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able action admire admit appear applied argument asked attempt become believe better blind body carried cause common considered constantly danger death deny despise destroy difference discovered doubt effects equally establish evil existence experience eyes fact false fear feel fool genius give greatest hand happens head heard heart heaven hope ignorance inclined interest kind knowledge learned least less light live look matter means mind mode moral nature never object observed occasion once opinion ourselves particular perform perhaps philosopher possess present pride principle produce prove question reason receive reflect religion replied respect rich serve society sometimes sound strength talent termed things thought thousand tion true truth weak whole wisdom write
Page 233 - They err who count it glorious to subdue By conquest far and wide, to overrun Large countries, and in field great battles win, Great cities by assault: what do these worthies But rob and spoil, burn, slaughter, and enslave Peaceable nations, neighbouring or remote.
Page 96 - ... will find that they need not go to her, for she will come unto them. None bid so high for her as kings ; few are more willing, none more able, to purchase her alliance at the fullest price. But she has no more respect for kings than for their subjects ; she mocks them, indeed, with the empty show of a visit, by sending to their palaces all her equipage, her pomp, and her train, but she comes not herself. What detains her? She is travelling incognita to keep a private assignation with contentment,...
Page 57 - For first, is there any principle in all nature more mysterious than the union of soul with body; by which a supposed spiritual substance acquires such an influence over a material one, that the most refined thought is able to actuate the grossest matter?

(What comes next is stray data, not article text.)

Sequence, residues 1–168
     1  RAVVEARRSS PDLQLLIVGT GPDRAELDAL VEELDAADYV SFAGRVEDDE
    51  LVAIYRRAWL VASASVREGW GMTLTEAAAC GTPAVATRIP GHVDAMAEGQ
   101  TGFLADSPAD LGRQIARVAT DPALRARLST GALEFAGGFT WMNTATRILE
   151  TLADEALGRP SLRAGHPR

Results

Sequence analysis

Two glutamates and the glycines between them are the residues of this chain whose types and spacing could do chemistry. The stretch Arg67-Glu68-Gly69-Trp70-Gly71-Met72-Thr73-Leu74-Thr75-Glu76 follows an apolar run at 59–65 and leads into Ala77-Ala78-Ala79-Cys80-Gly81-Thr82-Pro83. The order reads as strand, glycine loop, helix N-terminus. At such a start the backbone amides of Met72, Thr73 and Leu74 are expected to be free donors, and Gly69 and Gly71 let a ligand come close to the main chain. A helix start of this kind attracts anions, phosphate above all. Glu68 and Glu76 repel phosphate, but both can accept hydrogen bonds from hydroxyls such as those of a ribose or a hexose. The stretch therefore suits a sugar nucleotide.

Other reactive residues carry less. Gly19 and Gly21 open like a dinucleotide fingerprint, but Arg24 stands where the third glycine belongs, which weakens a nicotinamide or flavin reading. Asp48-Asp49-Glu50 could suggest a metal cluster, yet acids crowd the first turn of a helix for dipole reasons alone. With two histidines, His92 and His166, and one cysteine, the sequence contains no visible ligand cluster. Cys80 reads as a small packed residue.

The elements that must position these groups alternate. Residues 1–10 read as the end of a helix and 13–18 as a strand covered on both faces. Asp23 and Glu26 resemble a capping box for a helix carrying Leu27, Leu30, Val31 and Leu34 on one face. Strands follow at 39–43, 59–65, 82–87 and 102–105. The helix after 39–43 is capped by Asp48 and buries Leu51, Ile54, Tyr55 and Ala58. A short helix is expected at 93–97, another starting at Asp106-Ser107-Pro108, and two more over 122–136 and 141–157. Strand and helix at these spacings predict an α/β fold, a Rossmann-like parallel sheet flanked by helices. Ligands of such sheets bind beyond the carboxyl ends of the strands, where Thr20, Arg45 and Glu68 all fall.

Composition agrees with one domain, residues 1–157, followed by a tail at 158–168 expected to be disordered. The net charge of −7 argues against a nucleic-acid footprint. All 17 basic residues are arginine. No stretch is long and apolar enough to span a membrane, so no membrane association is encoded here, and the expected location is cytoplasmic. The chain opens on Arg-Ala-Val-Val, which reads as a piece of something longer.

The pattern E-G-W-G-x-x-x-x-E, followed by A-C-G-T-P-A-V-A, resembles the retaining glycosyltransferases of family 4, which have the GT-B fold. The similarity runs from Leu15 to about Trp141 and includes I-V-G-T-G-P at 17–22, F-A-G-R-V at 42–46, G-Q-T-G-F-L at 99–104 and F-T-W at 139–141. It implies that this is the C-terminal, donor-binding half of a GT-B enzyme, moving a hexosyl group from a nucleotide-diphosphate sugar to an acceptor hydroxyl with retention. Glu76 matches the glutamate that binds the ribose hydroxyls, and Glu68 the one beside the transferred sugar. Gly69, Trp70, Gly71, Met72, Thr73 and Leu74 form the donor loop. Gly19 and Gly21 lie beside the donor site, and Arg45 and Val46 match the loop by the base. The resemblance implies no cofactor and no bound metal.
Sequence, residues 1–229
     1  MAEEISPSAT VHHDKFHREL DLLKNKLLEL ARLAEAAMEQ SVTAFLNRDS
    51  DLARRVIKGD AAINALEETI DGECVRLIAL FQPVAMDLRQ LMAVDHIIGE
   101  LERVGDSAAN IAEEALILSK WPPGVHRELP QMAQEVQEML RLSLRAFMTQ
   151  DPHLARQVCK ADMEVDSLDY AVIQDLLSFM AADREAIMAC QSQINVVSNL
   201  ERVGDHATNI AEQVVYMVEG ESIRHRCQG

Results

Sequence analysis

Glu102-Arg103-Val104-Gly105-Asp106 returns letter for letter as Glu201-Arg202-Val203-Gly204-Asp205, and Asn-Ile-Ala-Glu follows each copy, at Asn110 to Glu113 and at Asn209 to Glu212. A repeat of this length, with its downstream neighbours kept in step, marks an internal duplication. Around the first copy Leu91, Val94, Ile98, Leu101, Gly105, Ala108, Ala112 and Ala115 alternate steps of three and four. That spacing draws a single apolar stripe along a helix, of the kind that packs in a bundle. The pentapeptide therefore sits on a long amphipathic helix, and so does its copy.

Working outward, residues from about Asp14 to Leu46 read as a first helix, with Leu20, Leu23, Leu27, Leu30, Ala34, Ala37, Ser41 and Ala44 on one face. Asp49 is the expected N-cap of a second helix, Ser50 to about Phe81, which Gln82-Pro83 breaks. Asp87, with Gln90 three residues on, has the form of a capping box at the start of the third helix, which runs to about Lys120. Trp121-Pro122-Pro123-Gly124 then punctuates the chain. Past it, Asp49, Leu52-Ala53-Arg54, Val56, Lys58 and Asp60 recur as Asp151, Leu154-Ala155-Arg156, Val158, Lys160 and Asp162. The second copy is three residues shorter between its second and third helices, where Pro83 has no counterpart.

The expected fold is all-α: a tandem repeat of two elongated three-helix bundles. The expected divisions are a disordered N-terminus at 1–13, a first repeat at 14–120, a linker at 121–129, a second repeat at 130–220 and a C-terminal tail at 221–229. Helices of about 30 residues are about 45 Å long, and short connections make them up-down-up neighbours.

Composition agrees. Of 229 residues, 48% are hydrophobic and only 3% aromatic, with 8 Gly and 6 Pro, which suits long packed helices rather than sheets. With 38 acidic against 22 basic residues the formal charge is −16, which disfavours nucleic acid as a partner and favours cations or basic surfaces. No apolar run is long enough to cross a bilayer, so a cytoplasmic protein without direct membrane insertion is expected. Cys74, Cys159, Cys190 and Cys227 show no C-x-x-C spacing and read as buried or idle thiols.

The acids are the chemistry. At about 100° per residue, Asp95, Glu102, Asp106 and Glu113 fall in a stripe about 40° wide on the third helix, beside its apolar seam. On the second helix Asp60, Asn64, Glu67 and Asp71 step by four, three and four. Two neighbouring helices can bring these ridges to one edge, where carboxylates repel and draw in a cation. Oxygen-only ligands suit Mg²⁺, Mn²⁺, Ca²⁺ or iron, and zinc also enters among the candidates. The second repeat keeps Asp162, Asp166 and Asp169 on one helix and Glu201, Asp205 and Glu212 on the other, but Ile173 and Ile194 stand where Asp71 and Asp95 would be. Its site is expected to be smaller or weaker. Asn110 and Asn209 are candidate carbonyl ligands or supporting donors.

Page 129 - Slave of the mine ! thy yellow light Gleams baleful as the tomb-fire drear. — A gentle vision comes by night My lonely widow'd heart to cheer : Her eyes are dim with many a tear, That once were guiding stars to mine ; Her fond heart throbs with many a fear! I cannot bear to see thee shine.
Page 216 - If you want enemies, excel others ; if you want friends, let others excel you.
Page 202 - Many books require no thought from those who read them, and for a very simple reason ; — they made no such demand upon those who wrote them. Those works therefore are the most valuable, that set our thinking faculties in the fullest operation.
Page 106 - ... those who have finished by making all others think with them, have usually been those who began by daring to think with themselves ; as he that leads a crowd, must begin by separating himself some little distance from it.
Page 128 - Far from my sacred natal clime, I haste to an untimely grave ; The daring thoughts that soar'd sublime Are sunk in Ocean's southern wave. Slave of the mine...
Page 129 - Her eyes are dim with many a tear, That once were guiding stars to mine: Her fond heart throbs with many a fear — I cannot bear to see thee shine. For thee, for thee, vile yellow slave, I left a heart that lov'd me true!